This is exactly where Calacanis is going with his post… Suppose Murdoch has his News Corp sites block all search spiders except for the highest bidder. In this hypothetical scenario Microsoft would pay $20 million a year for Bing to have exclusive rights to spider its content while blocking the Google search engine. This would fundamentally shift the web as we know it.

As Jason says in his email…

So, for a moment, imagine a world where Bing could say in their TV commercials:

“Want to search the New York Times, Wall Street Journal, USA Today and
3,894 other newspapers and magazine?”

This is huge news. This could change the web – especially with the richest man in the world inducing the change.

What do you think? Do you like Murdoch’s strategy? What do you think about a world where search engines have exclusive rights because they are the highest bidder?

Let us know in the comments

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6 Responses to What Rupert Murdoch’s Decision Means

  1. Brian Kaldenberg November 10, 2009 at 1:48 am #

    Very nice well written article. Almost as if you had a bowl of ice cream first.

  2. Eyebee November 10, 2009 at 11:13 pm #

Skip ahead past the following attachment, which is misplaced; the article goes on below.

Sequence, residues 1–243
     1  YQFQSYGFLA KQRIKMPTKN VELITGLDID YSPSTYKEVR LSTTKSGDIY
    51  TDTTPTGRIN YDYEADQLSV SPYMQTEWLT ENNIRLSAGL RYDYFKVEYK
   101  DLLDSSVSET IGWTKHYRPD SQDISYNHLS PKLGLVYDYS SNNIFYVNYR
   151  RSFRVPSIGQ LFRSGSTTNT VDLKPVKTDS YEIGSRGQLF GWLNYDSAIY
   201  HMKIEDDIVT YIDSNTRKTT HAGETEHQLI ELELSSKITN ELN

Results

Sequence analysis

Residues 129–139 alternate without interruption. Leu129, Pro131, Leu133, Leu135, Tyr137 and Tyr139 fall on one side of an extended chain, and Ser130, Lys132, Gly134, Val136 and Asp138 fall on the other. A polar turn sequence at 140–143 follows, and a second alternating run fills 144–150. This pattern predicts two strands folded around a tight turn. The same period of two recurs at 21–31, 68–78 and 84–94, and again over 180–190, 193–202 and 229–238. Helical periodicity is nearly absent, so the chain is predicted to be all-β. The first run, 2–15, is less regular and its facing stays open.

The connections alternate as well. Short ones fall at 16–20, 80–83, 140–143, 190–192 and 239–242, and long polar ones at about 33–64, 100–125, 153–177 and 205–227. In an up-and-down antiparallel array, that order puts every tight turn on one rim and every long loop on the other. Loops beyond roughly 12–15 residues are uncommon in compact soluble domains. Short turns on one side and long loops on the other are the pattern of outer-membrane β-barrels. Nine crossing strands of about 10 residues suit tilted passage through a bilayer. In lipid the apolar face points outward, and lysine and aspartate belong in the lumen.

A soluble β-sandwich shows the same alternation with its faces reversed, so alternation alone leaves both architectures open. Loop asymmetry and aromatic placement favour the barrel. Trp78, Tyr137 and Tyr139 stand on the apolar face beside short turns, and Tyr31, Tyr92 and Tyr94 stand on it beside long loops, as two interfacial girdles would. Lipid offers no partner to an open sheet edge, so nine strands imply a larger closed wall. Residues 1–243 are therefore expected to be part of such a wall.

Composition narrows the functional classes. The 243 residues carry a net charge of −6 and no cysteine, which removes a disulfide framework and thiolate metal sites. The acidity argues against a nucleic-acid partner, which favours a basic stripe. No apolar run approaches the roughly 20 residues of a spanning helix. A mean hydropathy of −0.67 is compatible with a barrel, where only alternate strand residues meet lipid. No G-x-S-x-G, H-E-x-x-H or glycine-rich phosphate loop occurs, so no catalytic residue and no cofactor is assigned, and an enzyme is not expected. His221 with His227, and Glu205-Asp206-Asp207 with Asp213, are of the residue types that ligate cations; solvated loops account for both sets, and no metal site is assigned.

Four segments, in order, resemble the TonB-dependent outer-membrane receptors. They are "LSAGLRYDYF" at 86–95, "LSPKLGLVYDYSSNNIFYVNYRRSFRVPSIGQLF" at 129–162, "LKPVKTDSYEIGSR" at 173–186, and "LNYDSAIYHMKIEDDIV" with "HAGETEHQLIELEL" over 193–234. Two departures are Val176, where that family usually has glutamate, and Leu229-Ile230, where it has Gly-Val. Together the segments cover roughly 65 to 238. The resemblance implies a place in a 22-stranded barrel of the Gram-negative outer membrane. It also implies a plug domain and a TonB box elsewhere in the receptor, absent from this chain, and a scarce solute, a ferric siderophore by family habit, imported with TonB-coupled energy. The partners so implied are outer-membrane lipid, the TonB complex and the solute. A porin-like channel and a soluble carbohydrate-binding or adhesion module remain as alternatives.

My first thought, as I don't normally have in interest in reading News Corp's tabloid trash, and biased news output, often lacking real substance, and full of sensationalist sound bites to stir up the dedicated non-thinkers among us, my first thought is good riddance to bad crap.

    However, the scenario of having say Microsoft willing to pay to have search rights in News Corp's sites is a frightening prospect, as it could well change the Internet as we know it.

    Let's hope Murdoch's actions don't screw up the Internet as he has done with traditional media.

    • abrudtkuhl November 11, 2009 at 3:19 pm #

      I also don't read many of Murdoch's publications unless a link crosses my path (which may or may not help prove his point) but I think the potential direction this takes the web as a whole is no good.

  3. app103 November 10, 2009 at 10:30 pm #

    Stop and think about this from a user’s perspective and see the big picture and the flaw in letting Bing exclusively spider News Corp’s content:

    You are doing a search for something and come upon a result leading to a News Corp owned site. You click through and are hit with a “you have to pay to read this” notice.

    How do you feel about that? Would you like to see search results that do not contain links such as this? Do you regard them as spam? Bait & switch?

    In order to move to a full “pay to read” business model, they have no choice but to remove their content from Google’s index, since Google’s rules forbid showing their spiders one page and a different one to those that click through from the results page. The only thing that could be spidered on a “pay to read” model is the content on the page that says you have to pay to read it.